zonnebrandcrème sunscreen

100,000,000,000,000 plastic particles in one sunscreen

In December 2015, a law was passed in the United States of America prohibiting the use of plastic microbeads in cosmetics and toiletries. The Microbead Free Waters Act (MFWA) however, is limited to rinse-off products such as scrubs and shampoo and does not cover leave-on products such as make-up and sunscreen. The question then arises whether products in the latter category also contain microplastics.

A recent study by the consultancy firm Eunomia, commissioned by the European Commission, has now answered this question. Microplastics are indeed often used in leave-on products, and these are smaller than those used in rinse-off products. One of the features of rinse-off products is that they can be used as scrubs, which means that the plastic particles are between 0.05 and 1 mm in size. The microplastics in leave-on products are far smaller because they have other functions. The plastic particles in these are between 0.001 and 0.05 mm.

But plastic particles can be even smaller. Dow Chemical makes Sunspheres, particles of 0.0003 mm that are put in other brands’ sunscreen products. It can be between 10 and 100 trillion particles in one single product or, in full, between 10,000,000,000,000 and 100,000,000,000,000 plastic particles in one flacon of sunscreen.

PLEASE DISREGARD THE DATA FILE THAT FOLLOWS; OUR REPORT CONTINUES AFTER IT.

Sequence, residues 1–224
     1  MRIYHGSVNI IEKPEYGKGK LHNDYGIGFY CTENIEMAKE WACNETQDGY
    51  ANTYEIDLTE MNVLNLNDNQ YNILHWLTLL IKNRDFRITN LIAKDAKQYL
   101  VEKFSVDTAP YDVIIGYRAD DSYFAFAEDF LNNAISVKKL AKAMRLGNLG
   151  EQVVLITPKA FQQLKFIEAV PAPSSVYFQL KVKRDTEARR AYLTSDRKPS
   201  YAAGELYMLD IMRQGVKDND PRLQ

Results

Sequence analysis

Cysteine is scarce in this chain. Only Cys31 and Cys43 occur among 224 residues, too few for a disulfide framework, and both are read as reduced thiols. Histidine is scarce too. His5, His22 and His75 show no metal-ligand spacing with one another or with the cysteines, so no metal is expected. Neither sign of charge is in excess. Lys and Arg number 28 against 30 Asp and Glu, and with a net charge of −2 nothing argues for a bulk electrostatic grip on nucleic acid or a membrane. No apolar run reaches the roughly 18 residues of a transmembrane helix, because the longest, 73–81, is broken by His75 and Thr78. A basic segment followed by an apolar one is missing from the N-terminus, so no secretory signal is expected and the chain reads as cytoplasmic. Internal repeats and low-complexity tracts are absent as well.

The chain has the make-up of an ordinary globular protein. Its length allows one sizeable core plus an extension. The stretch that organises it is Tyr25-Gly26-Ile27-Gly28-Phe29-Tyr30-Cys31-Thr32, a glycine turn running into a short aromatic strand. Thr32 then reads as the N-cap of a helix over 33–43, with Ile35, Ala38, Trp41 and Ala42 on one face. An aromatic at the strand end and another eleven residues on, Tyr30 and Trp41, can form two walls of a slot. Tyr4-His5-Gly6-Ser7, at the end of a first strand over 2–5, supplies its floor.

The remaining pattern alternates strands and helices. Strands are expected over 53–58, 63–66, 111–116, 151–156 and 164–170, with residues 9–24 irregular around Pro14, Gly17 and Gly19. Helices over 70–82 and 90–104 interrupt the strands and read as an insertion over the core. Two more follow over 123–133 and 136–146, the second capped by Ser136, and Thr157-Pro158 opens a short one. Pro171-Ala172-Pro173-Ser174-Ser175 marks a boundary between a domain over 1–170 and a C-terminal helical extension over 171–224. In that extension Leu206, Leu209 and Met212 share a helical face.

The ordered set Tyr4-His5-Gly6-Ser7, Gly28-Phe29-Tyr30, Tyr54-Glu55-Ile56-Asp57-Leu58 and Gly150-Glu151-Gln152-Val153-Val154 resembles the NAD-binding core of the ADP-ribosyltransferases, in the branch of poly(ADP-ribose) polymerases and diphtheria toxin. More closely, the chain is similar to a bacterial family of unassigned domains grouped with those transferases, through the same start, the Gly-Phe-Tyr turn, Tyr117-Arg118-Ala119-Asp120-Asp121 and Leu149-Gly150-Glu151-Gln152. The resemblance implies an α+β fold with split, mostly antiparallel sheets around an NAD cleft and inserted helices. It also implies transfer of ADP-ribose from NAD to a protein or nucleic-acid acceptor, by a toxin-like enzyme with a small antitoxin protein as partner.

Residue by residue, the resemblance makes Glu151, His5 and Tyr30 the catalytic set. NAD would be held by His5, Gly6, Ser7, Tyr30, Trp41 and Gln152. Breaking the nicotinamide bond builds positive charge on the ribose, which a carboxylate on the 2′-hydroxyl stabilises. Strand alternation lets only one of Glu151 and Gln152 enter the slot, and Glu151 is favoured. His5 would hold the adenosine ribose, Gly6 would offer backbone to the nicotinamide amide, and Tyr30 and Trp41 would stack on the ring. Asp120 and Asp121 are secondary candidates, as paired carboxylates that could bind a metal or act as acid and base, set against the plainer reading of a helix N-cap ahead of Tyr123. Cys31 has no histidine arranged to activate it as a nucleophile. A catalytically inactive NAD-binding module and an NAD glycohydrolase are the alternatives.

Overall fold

It is the very smallest particles that are potentially the most dangerous because they can be absorbed into the food chain so easily. The very smallest particles can even be absorbed by animal tissue.

These sunscreens can simply be produced and sold in the United States of America under the MFWA. At present, the European Union has no legislation. In October 2015, Cosmetics Europe, the largest umbrella organisation for the cosmetics and toiletries industry, called upon its members to stop using microbeads. But Cosmetics Europe has also limited this call to rinse-off products. Furthermore, because it limits the particle size to a minimum of 1µm (0.001 mm), Sunspheres sunscreen products fall outside this criteria.

This example shows that voluntary phasing out does not guarantee the removal of all microplastics from all care products. There should be a total ban on the use of all microplastics in all cosmetics and toiletries, and the law should be sufficiently stringent that there is no room for companies to find loopholes.